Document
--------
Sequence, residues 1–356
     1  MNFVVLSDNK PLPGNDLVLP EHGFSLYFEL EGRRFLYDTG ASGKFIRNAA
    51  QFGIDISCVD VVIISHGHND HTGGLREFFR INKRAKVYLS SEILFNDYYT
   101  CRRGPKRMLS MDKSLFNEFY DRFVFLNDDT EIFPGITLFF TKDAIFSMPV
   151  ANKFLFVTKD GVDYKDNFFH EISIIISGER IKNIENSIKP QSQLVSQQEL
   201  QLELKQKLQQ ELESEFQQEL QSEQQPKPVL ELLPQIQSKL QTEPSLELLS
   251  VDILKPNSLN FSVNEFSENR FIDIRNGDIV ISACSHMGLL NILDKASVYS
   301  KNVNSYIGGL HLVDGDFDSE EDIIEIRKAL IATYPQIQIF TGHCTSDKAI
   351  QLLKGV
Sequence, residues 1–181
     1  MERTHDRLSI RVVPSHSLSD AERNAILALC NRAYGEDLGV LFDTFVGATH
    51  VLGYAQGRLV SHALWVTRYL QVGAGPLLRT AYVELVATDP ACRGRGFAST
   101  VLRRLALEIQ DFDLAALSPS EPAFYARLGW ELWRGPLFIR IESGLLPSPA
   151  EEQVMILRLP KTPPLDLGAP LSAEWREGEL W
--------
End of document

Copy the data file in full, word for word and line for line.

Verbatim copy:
Sequence, residues 1–356
     1  MNFVVLSDNK PLPGNDLVLP EHGFSLYFEL EGRRFLYDTG ASGKFIRNAA
    51  QFGIDISCVD VVIISHGHND HTGGLREFFR INKRAKVYLS SEILFNDYYT
   101  CRRGPKRMLS MDKSLFNEFY DRFVFLNDDT EIFPGITLFF TKDAIFSMPV
   151  ANKFLFVTKD GVDYKDNFFH EISIIISGER IKNIENSIKP QSQLVSQQEL
   201  QLELKQKLQQ ELESEFQQEL QSEQQPKPVL ELLPQIQSKL QTEPSLELLS
   251  VDILKPNSLN FSVNEFSENR FIDIRNGDIV ISACSHMGLL NILDKASVYS
   301  KNVNSYIGGL HLVDGDFDSE EDIIEIRKAL IATYPQIQIF TGHCTSDKAI
   351  QLLKGV
Sequence, residues 1–181
     1  MERTHDRLSI RVVPSHSLSD AERNAILALC NRAYGEDLGV LFDTFVGATH
    51  VLGYAQGRLV SHALWVTRYL QVGAGPLLRT AYVELVATDP ACRGRGFAST
   101  VLRRLALEIQ DFDLAALSPS EPAFYARLGW ELWRGPLFIR IESGLLPSPA
   151  EEQVMILRLP KTPPLDLGAP LSAEWREGEL W